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British gulls contribute to plastic pollution in European wetlands


The threats posed by plastic pollution to marine environments have long been understood but this study sheds new light on the potential problems faced by freshwater sites. A paper recently published by the Doñana Biological Station, of the Spanish Science Council (CSIC), and in collaboration with the British Trust for Ornithology (BTO), shows how birds feeding on landfill sites ingest significant amounts of plastic and other debris then later deposit these indigestible fragments while roosting at natural wetlands.

Researchers in Spain have discovered that gulls visiting from Britain are transporting significant amounts of plastic waste from landfill sites to key wetland areas

Gulls, like birds of prey and owls, regurgitate pellets often containing fish bones, feathers and other non-edible items. However, those birds feeding on open landfills often ingest plastic, glass and textiles along with human food waste. And while we know that eating these pollutants can cause serious direct harm to birds’ health, this research shows that the problems could have far greater ecological impact than previously expected.

The study focused on Lesser Black-backed Gulls, a common wintering bird in Andalusia, south-west Spain. The birds, which had been fitted with GPS tags at breeding sites in the UK including colonies in Cumbria and Pembrokeshire, were monitored as they fed at the landfills and moved to roost and bathe at the internationally important Fuente de Piedra lake nature reserve in Malaga. Pellets disgorged by the gulls were collected at the lake and 86% of these were found to contain plastics. Researchers revealed that around 400 kg of plastic is deposited by gulls into the lake, famous for its colony of Flamingos, each winter.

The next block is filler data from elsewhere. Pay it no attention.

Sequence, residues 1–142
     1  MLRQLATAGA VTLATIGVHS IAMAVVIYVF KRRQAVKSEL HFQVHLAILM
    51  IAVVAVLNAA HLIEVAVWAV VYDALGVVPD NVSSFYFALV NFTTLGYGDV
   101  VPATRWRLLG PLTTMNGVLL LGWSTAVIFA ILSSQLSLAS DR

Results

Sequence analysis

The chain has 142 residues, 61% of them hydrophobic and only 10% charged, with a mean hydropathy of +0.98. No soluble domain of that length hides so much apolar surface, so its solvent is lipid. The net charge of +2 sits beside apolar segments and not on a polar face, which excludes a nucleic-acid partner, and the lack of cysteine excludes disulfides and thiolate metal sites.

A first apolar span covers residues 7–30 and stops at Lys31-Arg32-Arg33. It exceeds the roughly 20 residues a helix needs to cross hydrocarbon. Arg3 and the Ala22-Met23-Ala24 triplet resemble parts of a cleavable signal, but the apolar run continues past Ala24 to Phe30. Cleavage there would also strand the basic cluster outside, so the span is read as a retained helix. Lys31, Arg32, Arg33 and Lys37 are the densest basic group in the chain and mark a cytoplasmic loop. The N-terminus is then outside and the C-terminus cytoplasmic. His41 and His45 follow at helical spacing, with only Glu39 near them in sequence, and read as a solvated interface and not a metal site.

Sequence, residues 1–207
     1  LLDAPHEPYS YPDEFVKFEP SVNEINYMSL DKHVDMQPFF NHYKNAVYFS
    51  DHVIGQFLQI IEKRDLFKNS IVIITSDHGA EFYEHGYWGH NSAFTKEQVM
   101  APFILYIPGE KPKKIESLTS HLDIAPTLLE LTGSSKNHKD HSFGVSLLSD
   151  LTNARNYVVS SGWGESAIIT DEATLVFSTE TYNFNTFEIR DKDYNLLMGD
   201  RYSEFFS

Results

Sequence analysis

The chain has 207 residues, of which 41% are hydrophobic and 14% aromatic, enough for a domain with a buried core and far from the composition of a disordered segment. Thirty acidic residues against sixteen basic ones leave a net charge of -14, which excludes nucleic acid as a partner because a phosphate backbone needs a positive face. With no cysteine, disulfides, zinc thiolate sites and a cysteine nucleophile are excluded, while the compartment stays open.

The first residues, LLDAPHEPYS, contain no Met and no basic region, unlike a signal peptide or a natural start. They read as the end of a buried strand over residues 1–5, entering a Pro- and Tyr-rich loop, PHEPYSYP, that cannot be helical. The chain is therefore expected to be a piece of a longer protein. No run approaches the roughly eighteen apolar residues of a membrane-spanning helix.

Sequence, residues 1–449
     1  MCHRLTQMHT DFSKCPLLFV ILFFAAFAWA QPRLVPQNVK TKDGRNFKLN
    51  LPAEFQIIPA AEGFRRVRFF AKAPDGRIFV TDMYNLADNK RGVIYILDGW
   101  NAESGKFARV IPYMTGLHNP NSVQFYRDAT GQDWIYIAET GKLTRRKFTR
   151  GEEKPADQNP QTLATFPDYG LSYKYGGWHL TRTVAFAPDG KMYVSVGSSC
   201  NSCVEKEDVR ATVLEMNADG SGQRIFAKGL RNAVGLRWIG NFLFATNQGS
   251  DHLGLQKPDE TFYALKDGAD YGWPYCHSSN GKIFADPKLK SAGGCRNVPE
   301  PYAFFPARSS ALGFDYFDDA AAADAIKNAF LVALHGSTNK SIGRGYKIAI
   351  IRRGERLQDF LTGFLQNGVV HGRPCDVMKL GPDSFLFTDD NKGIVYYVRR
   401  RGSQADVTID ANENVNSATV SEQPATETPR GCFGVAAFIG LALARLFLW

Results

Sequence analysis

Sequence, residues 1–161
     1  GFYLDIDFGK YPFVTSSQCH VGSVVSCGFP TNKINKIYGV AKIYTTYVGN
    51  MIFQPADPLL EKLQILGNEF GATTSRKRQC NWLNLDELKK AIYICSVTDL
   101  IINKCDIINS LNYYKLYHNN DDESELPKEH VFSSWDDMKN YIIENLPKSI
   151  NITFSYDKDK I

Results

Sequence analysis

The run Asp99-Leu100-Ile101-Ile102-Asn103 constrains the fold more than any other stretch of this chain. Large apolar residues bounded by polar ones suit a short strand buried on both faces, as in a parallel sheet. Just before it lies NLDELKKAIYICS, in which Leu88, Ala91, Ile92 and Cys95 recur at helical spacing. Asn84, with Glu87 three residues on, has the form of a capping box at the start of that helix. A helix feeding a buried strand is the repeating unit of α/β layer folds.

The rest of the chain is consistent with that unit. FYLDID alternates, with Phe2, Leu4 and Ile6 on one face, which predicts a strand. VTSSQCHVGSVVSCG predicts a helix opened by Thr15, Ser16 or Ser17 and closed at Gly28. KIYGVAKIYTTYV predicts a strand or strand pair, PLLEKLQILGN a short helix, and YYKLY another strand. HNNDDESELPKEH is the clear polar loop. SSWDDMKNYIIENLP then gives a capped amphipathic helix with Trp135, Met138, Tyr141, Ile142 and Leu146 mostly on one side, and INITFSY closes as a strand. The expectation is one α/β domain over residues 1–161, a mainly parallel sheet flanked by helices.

Once in the lake, these plastics have nowhere to go and will eventually break down in microplastics, causing possible long-term threats to other wildlife and the wider environment.

Senior author on this research study, Professor Andy Green said, “When we throw plastics away, some of them are likely to end up on being carried by birds into wetlands. It’s another reason we need to reduce the amount of plastic waste we generate.”

Throughout Europe, gulls feed widely on landfills and other waste sites, before heading to roost at wetlands, lakes and other freshwater locations.

Dr Chris Thaxter, Senior Research Ecologist with the BTO said, “This study suggests that the translocation of harmful plastics could be more widespread and problematic than we’d assumed. Gulls are highly mobile and act as highly efficient biovectors, transporting these pollutants considerable distances, posing yet more threats to important wetland habitats across the globe.”


Photo (c) Edmund Fellowes